After a few weeks walking, in Scotland, then on the East Coast, and finally on the South Coast, I realised that it was time for, well if not a complete change, then a change in direction. Many times the Nikon had stayed in the car in favour of the Canon, so I realised the decision had already been made. After considering options for a while I finally decided to buy a Olympus OM-D M5.
As a Compact System Camera it combines solid camera build with small size and outstanding quality.
There are things I do not like, or at least have no use to me, such as a touch screen, but that can be easily turned off. The electronic viewfinder was at first unnerving as it shows the preview of the image taken in the viewfinder, rather than on the rear screen of the camera. With my 40-150mm lens, the camera clearly ‘hunts’ for the best focus which can be disconcerting, but nine times out of ten delivers a correctly focused image. And, compared to my Nikon, it’s slow.
But, and it’s an important but, it’s small, light and very high quality.
I still have the Nikon, and there are time when it will still be the camera of choice, but those times are fewer than I would have initially thought.
An addition, its size has a massive unexpected side-effect.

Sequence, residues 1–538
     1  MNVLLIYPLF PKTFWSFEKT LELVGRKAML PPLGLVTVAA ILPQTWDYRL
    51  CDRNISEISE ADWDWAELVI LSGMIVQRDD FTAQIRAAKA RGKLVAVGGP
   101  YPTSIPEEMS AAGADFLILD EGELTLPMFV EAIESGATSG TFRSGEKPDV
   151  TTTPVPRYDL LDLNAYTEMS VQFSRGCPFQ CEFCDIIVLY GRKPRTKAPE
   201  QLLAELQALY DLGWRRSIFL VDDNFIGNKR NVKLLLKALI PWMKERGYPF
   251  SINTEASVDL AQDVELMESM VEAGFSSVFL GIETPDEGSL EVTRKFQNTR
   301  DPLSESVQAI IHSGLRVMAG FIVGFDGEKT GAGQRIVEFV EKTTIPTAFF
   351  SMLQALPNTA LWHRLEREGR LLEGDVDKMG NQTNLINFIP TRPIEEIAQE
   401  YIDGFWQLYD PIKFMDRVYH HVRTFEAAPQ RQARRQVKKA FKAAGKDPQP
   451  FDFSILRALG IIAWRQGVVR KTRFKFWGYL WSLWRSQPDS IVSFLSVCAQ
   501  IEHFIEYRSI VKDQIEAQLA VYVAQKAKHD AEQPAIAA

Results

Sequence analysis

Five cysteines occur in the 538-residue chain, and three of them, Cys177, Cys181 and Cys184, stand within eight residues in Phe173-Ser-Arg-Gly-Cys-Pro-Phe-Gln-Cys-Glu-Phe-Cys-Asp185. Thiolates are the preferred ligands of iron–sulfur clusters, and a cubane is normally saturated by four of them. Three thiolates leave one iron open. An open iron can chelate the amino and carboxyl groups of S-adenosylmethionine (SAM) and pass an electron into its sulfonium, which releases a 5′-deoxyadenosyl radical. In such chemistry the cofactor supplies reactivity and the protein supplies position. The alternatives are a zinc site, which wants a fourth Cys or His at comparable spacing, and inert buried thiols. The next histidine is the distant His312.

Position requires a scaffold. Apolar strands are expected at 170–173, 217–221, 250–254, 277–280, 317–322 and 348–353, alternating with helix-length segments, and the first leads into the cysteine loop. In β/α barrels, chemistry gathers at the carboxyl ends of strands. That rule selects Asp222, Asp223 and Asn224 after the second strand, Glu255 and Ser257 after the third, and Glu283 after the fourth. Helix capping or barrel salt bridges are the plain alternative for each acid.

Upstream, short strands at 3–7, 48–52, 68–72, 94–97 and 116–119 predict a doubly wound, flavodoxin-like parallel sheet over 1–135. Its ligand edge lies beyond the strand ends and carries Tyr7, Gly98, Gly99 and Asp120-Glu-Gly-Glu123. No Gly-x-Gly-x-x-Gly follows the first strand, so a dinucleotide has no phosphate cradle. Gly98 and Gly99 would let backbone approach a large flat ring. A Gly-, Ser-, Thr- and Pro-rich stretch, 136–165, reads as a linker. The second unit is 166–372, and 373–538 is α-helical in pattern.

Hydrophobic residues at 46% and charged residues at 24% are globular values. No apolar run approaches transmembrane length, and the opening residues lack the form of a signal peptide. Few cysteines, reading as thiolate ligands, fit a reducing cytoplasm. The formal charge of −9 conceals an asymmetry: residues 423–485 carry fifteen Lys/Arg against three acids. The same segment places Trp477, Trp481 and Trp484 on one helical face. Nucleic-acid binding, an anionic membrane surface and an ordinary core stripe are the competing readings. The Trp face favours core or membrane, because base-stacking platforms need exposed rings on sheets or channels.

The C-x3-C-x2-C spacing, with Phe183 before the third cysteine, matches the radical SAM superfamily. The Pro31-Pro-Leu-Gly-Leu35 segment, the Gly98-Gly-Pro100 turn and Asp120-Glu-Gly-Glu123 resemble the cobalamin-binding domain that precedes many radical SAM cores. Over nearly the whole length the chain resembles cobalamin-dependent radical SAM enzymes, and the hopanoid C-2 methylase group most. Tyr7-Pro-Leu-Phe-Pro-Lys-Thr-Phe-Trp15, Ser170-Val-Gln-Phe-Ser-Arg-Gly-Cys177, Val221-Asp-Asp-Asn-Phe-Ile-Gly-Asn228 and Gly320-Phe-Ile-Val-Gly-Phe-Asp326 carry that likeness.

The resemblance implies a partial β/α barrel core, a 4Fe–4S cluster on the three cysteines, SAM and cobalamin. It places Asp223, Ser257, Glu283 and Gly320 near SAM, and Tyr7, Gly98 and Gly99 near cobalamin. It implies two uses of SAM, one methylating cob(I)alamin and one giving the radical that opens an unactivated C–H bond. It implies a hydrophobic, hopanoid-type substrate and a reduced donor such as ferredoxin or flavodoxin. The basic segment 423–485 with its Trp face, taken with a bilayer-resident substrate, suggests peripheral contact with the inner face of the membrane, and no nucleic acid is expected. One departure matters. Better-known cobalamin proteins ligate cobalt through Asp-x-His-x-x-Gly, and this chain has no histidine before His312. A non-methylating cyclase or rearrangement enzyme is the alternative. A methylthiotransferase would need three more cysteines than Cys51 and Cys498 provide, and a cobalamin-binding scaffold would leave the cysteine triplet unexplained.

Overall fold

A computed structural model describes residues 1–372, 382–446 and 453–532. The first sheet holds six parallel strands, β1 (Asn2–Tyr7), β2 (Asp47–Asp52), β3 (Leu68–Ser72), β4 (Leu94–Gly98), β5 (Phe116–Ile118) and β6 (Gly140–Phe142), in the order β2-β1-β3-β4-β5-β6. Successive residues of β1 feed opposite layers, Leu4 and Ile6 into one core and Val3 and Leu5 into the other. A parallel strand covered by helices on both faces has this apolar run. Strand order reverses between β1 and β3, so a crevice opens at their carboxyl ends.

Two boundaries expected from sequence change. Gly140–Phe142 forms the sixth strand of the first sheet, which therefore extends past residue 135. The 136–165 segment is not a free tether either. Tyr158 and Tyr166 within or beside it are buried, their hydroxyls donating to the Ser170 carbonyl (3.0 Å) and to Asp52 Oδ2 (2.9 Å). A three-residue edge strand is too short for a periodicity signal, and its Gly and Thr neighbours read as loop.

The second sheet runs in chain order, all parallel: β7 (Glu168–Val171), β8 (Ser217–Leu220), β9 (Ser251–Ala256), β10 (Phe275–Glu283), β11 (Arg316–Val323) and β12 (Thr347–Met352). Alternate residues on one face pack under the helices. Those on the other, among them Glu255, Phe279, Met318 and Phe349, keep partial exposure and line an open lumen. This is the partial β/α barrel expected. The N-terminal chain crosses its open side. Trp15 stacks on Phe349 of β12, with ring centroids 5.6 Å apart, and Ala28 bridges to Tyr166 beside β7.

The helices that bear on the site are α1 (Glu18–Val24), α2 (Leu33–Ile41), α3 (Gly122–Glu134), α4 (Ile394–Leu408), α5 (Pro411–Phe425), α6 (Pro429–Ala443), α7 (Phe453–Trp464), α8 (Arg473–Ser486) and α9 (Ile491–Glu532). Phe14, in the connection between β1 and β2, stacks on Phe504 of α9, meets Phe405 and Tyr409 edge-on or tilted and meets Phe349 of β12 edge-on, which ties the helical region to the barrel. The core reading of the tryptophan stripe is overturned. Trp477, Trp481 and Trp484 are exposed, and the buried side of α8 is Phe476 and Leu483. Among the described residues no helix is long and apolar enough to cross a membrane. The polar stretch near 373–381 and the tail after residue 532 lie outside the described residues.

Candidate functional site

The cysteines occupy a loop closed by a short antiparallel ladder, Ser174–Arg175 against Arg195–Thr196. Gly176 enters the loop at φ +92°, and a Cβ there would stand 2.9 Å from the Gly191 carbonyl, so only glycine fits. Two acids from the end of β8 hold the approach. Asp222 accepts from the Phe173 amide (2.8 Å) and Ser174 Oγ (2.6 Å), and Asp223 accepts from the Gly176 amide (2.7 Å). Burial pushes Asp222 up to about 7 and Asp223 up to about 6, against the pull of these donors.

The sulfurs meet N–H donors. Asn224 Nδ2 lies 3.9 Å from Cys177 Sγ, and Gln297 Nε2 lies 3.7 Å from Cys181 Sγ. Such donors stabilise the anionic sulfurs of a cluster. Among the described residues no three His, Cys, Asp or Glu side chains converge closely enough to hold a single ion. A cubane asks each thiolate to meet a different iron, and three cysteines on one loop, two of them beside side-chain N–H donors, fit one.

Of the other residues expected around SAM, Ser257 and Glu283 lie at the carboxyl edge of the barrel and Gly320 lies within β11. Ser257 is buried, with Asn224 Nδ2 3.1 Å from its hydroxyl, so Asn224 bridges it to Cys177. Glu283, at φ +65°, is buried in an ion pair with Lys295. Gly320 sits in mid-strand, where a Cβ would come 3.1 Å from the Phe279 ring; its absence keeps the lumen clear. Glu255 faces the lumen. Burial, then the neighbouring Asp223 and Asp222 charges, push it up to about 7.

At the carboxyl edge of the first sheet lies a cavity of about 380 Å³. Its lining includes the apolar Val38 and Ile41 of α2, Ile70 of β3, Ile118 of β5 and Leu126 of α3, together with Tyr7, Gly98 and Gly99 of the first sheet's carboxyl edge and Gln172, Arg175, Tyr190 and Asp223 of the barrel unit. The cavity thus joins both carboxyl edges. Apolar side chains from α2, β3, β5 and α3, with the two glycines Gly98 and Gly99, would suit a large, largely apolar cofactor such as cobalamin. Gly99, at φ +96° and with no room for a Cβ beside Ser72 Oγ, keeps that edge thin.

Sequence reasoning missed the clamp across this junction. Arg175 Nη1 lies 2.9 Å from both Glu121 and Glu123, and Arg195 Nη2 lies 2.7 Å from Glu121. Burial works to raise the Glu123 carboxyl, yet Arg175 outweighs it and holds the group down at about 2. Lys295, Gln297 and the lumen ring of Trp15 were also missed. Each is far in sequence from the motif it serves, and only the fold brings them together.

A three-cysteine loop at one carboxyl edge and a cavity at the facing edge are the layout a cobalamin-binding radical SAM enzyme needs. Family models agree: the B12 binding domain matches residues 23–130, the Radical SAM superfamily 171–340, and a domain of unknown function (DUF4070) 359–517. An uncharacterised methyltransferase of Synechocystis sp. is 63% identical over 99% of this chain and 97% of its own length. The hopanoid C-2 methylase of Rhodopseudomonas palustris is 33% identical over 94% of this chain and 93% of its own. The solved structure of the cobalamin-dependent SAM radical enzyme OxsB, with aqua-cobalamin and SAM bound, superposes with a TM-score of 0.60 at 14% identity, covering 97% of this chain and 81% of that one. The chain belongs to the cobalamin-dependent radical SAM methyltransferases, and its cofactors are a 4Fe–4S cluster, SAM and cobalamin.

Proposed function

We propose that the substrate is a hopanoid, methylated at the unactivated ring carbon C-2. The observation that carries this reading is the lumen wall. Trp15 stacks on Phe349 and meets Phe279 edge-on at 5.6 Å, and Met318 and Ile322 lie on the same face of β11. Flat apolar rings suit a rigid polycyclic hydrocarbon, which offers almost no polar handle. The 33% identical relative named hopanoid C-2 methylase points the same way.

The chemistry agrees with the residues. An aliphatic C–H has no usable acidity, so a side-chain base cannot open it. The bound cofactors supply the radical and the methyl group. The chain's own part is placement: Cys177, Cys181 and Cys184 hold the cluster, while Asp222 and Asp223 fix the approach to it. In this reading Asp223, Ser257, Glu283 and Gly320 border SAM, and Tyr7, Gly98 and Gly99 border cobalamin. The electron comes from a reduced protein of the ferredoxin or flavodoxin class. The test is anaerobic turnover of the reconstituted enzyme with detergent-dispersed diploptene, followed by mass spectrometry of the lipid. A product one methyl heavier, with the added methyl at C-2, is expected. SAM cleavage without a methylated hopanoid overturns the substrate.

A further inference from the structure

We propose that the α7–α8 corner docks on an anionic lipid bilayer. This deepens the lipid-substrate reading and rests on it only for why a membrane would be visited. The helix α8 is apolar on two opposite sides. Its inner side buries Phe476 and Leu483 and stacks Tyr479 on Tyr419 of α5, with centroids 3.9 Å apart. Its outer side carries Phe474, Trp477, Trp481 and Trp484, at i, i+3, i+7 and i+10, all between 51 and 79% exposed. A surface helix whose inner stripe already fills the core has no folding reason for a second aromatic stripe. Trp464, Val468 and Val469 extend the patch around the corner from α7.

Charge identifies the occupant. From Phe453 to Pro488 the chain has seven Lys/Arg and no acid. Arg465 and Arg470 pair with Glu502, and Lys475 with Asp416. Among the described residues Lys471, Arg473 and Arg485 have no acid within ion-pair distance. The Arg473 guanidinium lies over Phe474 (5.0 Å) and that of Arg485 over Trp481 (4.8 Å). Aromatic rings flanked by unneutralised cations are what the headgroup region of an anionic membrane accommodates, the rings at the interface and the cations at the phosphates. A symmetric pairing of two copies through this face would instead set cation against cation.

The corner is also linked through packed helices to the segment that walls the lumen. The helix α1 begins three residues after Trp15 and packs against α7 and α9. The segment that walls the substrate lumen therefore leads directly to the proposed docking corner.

This side-effect manifested itself in quite a negative way when I first took the camera out for a test. I was photographing a music event and, having official accreditation, was inside the barriers getting close-up and personal with the acts.
Another photographer, after clearly glancing down at my little Olympus, literally tried to brush me aside! Instead of a band of musicians in front of me, I found myself looking at the back screen of a Canon 30D as its owner tried to move me with his right arm.
The chain of thinking (I can’t call it logic) seems very clear to me. I have a bigger camera than you, therefore I’m more important in the hierarchy of photographers, therefore I can push you aside and occupy the position that you are standing in.
I freely admit I did not react well.
The diminutive size does have advantages. I no longer suffer from the perception by others that I am some sort of predatory threat to them and their children. Street photography becomes a real possibility again. The folding down screen of the Olympus and the fact that I can trigger the shutter simply by tapping the rear screen means that I can take photograph from waist level, without appearing to touch the camera controls at all.
If I was a paranoid parent, I should be more concerned with the Olympus than I ever should be with a bulking, ‘look at me, I’m a photographer’, Nikon or Canon. Even more of a ‘threat’ would be a camera that can be used without notice, produce good quality images, and has the capability of directly posting those images onto social media, or being sent via email.